Just a song of Gomorrah, I wonder what they did there
Must've been a bad thing to get shot down for
I wonder how they blew it up or if they burned it down
Get out, get out Mr. Lot and don't you turn around.
Who gave you your orders, someone from the sky
I heard a voice inside my head in the desert wind so dry
I heard a voice tellin' me to flee the very same voice I always believe
Say alot of trouble comin', but it don't have to come to you
I'm telling you so you can tell the rest what you've been through.
But don't you turn around, no, don't look after you
It's not your business how it's done, you're lucky to get through
You're a good upstanding man, a credit to the flock
But if you don't face straight ahead you could not take the shock
Blew the city off the man, left nothing there but fire
The wife of Lot got turned to salt, because she looked behind her.

Lyrics submitted by itsmyownmind

Gomorrah song meanings
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  • +1
    General CommentThis is a Jerry Garcia Band song and not a Grateful Dead song, per se.

    It was the last song on "Cats Down Under the Stars," released in 1978, and described by Jerry in his final years as his favorite album.

    "Blew the city off the man" should be "Blew the city off the map."

    "To justify the ways of God to man," was John Milton's self-stated purpose for "Paradise Lost," an epic poem based on the mythology of the Bible. With "Gomorrah," Robert Hunter is doing something very similar, if on a much smaller and more colloquial level. We get the story from Genesis told as a casual musing and also get a description from Lot himself, one of the only survivors of the destruction of "the cities of Plain" at the hands of God. The song mentions nothing of Lot's daughters, which is probably for the best (hard enough to write a good song about the destruction of a city and a wife turning to a pillar of salt without trying to work in incest...shudder). I appreciate the mournful treatment Jerry gives the song while changing the tempo several times. Hunter's lyrics are exemplary, as well, giving us a vignette from the Old Testament told in Steinbeckesque vernacular, with several different literary voices chiming in their two cents on the story.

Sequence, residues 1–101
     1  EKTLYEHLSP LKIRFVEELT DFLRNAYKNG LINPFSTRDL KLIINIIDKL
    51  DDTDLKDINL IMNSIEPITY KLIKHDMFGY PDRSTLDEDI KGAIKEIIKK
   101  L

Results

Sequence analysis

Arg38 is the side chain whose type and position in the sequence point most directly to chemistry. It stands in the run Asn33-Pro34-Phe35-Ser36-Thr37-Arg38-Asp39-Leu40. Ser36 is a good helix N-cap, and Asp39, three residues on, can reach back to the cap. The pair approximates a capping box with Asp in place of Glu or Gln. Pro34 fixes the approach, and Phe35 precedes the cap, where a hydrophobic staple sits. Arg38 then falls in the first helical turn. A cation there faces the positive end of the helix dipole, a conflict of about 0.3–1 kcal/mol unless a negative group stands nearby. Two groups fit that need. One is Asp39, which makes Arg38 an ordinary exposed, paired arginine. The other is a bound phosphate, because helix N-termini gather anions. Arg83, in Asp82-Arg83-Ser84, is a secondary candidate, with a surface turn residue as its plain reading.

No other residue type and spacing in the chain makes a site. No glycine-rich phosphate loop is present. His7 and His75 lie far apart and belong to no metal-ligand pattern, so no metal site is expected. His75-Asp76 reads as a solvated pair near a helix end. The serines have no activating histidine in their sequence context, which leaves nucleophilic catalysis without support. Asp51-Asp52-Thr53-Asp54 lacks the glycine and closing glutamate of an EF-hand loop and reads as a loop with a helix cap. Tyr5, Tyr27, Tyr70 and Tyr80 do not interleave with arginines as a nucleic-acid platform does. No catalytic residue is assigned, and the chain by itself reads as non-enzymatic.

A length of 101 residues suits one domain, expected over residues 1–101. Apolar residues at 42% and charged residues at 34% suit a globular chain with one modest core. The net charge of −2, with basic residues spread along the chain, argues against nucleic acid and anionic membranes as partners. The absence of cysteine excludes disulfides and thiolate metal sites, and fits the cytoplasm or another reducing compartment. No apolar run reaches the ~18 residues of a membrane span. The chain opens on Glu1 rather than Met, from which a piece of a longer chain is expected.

Dark Star Orchestra does a very good "Gomorrah," with 04/06/2006 being a particularly stellar example (available on the internet archive (archive.org) for free).
    foxymophandlemamaon September 16, 2007   Link

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